Pain therapy should be centrally controlled like transfusion medicine or hospital hygiene. The treatment of pain should also be introduced as an indicator of the quality of care at hospitals. While 80 percent of the hospitals in Germany have an acute pain service, there's no standard for what procedure, what equipment and what staff make up these services. In the Netherlands, acute pain services are required by law. Additionally, awareness of the topic needs to be much higher. Some hospitals have more technicians for repairing and maintaining elevators than staff for acute pain service.

This interview was conducted by Andreas Schmitz.

State of emergency in German hospitals

More than every other patient reports being unsatisfied with pain therapy, found Dr. Christoph Maier from the Bergmannsheil University Hospital. Patients given particularly conservative treatment complained about not receiving adequate therapy (almost 46 percent). After an operation, almost every third patient (30 percent) reported feeling left high and dry.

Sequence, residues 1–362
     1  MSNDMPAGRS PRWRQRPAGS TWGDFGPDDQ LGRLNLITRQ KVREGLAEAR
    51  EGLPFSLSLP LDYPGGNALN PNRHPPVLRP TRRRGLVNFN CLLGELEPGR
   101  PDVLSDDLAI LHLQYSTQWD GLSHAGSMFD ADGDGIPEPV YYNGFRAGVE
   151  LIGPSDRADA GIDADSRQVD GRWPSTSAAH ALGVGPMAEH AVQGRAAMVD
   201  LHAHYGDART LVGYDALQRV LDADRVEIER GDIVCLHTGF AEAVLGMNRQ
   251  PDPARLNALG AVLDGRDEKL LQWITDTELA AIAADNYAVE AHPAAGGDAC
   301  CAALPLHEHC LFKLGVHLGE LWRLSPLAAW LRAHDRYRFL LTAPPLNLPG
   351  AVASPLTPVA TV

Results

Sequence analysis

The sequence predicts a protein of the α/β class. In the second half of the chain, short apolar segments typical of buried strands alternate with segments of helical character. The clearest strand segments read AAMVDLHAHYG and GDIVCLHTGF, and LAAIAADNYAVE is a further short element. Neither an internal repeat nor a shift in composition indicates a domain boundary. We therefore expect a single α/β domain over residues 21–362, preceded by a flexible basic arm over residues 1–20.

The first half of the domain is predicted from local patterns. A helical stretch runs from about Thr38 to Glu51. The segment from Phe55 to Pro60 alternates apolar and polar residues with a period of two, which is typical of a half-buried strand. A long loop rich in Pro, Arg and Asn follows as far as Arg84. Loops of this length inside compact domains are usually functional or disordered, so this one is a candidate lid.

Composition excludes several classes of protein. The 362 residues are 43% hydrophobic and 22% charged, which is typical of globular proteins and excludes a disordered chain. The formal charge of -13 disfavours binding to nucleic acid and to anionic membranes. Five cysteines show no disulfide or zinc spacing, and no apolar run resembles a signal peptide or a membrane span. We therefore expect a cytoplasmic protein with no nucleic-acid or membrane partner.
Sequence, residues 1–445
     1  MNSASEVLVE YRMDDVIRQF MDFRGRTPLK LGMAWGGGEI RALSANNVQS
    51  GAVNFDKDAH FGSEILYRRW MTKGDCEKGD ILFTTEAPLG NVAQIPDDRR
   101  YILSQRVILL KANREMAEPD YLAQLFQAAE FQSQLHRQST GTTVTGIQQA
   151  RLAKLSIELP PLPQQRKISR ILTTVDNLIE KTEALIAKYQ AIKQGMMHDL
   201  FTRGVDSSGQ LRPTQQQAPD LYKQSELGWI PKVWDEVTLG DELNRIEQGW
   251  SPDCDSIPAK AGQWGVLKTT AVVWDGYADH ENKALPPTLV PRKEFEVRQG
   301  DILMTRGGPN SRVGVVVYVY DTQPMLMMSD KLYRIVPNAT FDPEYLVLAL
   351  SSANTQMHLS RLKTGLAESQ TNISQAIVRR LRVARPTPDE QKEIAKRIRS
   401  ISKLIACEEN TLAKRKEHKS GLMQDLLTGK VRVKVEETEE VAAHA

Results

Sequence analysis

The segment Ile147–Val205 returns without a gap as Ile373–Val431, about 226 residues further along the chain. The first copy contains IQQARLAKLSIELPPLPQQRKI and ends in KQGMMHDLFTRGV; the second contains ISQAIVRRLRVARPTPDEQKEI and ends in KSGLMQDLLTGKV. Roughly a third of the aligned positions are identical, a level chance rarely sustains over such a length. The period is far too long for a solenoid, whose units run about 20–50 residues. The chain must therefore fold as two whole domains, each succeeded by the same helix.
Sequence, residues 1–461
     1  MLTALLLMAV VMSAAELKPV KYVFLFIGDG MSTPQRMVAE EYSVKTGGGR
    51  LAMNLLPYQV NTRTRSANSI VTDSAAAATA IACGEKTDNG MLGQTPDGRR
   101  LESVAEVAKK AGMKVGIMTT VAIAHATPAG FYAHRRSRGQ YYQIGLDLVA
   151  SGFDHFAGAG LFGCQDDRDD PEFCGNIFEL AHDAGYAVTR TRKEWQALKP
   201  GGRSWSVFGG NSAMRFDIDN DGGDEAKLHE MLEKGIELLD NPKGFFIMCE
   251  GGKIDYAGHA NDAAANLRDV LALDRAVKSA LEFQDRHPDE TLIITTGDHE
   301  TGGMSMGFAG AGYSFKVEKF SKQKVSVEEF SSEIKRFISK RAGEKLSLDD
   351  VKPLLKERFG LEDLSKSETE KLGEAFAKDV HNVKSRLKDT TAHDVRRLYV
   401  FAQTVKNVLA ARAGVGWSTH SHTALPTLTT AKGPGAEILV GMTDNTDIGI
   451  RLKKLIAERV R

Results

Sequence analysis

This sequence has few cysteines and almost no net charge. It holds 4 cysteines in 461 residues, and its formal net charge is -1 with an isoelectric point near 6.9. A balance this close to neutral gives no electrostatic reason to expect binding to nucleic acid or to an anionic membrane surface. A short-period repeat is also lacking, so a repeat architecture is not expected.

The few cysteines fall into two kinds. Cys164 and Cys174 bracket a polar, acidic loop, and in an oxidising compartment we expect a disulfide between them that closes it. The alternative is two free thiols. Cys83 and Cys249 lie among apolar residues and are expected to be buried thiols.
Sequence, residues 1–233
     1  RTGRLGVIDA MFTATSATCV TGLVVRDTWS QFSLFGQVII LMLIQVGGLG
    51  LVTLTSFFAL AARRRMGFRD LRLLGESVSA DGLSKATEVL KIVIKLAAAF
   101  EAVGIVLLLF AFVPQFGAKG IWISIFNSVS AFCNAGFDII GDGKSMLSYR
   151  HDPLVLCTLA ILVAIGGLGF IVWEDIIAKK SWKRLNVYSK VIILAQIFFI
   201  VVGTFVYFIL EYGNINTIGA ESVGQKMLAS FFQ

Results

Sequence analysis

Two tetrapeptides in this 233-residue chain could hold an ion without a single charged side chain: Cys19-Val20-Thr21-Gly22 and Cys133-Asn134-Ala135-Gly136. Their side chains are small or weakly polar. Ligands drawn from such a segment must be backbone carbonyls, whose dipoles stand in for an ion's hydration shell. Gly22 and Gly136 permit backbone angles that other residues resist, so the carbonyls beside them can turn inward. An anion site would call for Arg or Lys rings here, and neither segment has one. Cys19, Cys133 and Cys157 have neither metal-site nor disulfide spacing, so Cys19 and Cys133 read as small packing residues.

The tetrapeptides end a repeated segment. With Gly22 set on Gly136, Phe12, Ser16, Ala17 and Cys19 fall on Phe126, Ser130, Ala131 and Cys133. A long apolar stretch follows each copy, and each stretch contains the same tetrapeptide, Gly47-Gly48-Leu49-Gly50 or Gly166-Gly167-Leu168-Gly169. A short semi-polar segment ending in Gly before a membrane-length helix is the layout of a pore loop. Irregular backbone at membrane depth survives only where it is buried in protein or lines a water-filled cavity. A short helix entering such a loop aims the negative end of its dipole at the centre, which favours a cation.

20 to 40 percent of patients experienced severe pain following surgery at German hospitals, found Dr. Hans-Jürgen Gerbershagen from the Marienhospital in Gelsenkirchen in an analysis of more than 110,000 patients. It was also found that, in addition to complicated operations on the spine or feet, comparably simple operations like removing an appendix or inflamed tonsils have so far been underestimated. "Especially operations that are dismissed as minor often cause a lot of pain," explained Freys. With major operations - in the chest area, for example—it has been obvious for years that every opportunity to avoid pain is taken, from peridural and nerve block catheters to an epidural.

A study published in the German medical magazine "Ärzteblatt" decried the massive difference in pain experienced, restricted mobility and satisfaction in patients across hospitals in Germany. University hospitals in particular stood out as not taking the topic of pain seriously enough. "Wherever patients were well-informed, patients were more satisfied," concluded Freys from the results. "In hospitals with a greater depth of care, there were clear deficiencies compared to those that are active in basic care and are literally more in touch with the patient."

Contact

Andreas Schmitz